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Special Reoprt AASU 2001 - Alumni Awards - Carla Harris - A Musical Banker Leads the Way

Bert King Award for Service to the Community

Carla Harris
Carla Harris

Anyone who meets Carla Harris is quickly swept up in her boundless, upbeat energy, which springs from lessons learned early in life.

"My parents instilled in me the belief that if I worked really hard, and had faith in God, nothing would stand in my way," she says.

Indeed, their support gave her the confidence to ignore less-constructive advice.

"I was told that advanced classes might be too hard (she graduated high school summa cum laude), and that Ivy League schools would be out of reach" (she was accepted at Harvard, where she continued to excel academically). Although she focused on the positive messages, Harris admits, "If someone told me I couldn't do something, it just increased my motivation to try for it!"

Carla A. Harris (HBS MBA '87)
Managing Director
Morgan Stanley Dean Witter & Co.

2001 Achievement Award Winner:
Bert King Award for Service
to the Community

Today, having attained the position of managing director at one of the world's leading financial services firms, she is advising a new generation of talented African-Americans to be courageous. As a sought-after mentor, and frequent visitor to campuses and career conferences, Harris also shares her conviction that "we were given blessings so we can be a blessing. The fastest way to realize your dreams is to try to make them happen for someone else."

A college summer internship on Wall Street, arranged through the Sponsors for Educational Opportunity (SEO) program, changed the course of Carla Harris's life.

I promised myself that if I made it, I would repay those who helped me by guiding others, who in turn will reach back and show someone else how to move ahead.
— Carla A. Harris

"I had been attracted to law as a way to become influential in some way," she recalls, "but I discovered that in the world of finance, even at an early age, if you were smart, creative, and assertive, you could make decisions and see the impact on outcomes. You could do deals that would markedly affect a company's future, help a city build a stadium or a school expand their programs, and make a difference in society as the result of your work."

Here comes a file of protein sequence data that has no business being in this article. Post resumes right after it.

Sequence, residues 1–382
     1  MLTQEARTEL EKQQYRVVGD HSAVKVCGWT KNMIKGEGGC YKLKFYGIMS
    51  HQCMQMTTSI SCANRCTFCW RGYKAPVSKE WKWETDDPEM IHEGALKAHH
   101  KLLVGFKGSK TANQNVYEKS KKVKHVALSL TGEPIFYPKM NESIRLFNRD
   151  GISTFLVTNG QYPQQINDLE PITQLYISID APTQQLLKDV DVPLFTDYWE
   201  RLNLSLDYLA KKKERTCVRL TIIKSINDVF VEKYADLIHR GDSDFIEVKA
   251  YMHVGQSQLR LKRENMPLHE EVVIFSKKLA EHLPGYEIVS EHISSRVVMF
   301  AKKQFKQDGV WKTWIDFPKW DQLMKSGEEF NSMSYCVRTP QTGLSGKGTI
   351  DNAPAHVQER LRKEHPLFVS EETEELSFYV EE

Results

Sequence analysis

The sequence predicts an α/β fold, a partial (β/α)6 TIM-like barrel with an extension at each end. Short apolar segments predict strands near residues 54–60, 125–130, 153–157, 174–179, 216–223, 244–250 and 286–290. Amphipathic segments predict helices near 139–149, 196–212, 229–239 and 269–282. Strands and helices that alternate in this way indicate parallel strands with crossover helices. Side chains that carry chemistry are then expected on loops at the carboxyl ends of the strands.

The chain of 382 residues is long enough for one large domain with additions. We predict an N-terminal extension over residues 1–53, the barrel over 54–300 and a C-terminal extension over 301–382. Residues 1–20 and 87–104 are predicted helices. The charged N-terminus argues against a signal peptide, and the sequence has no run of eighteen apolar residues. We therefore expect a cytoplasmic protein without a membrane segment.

She later enrolled in business school to prepare for her chosen career in investment banking. "A Harvard MBA is an incredible franchise," she says, "and I'd repeat that decision in a heartbeat."

After joining Morgan Stanley in 1987, her first assignment was in the mergers, acquisitions, and restructuring department. In 1991, she moved to equity capital markets, where today she is responsible for the marketing and execution of new issue equity financing in the technology, telecommunications, media, real estate, industrials, consumer products, and healthcare sectors.

"I help great companies come to market," Harris says, citing her involvement with recent IPOs ranging from Martha Stewart Omnimedia to the B2B Internet service provider, Ariba. "It was very special to be part of crafting the story that attracted the market to the UPS IPO," she adds. "Getting premium value for a company that's a part of all our lives was very rewarding."

Harris also derives satisfaction from coaching young associates.

"Learning the rules of the road" should be the top priority for anyone in the first year of a new job, but after that, Harris says, a rising star will begin to contribute more than an accurate analysis.

"Stretch yourself and take the ball," she advises, "but don't become so immersed in work that you forget to say hello to people. You need to develop relationships over time with both colleagues and clients and positively influence perceptions about you."

Harris learned some lessons "the hard way" at the outset of her career, at a time when there were fewer mentors. "I promised myself that if I made it, I would repay those who helped me by guiding others, who in turn will reach back and show someone else how to move ahead."

The drive to deliver results professionally is equaled in Harris's life by her commitment to community service, and a deep-rooted love of singing, which has been her serious avocation for many years.

Harris has invested her time and energy in many organizations, and serves, for example, on the boards of Food for Survival/The New York Food Bank, and the Brooklyn Alumnae Chapter of Delta Sigma Theta Sorority, Inc.

In addition, she has funded scholarships at the high school and college level, including the Carla A. Harris Scholarship at Harvard University and Bishop Kenny High School in her hometown of Jacksonville, Florida. She has been a financial sponsor for the Student/Sponsor Partnership Program, which provides tuition assistance at parochial schools in New York City.

Her gifts as a singer have been showcased at events around the city, and she is vice president of the St. Charles Gospelite Choir in Harlem. A joyful merger of this banker's major interests occurred last fall when she released a compilation of traditional and contemporary holiday songs on a CD titled Carla's First Christmas. All proceeds from sales of the CD benefit scholarship funds.

What's the most important lesson Harris has learned in her life? "Pursue all your passions," she responds without hesitation.

"I believe in using every gift God gave us to make people happy. No matter how busy you are, stop and do something for someone else. It's surprising how quickly that will turn your own day around."

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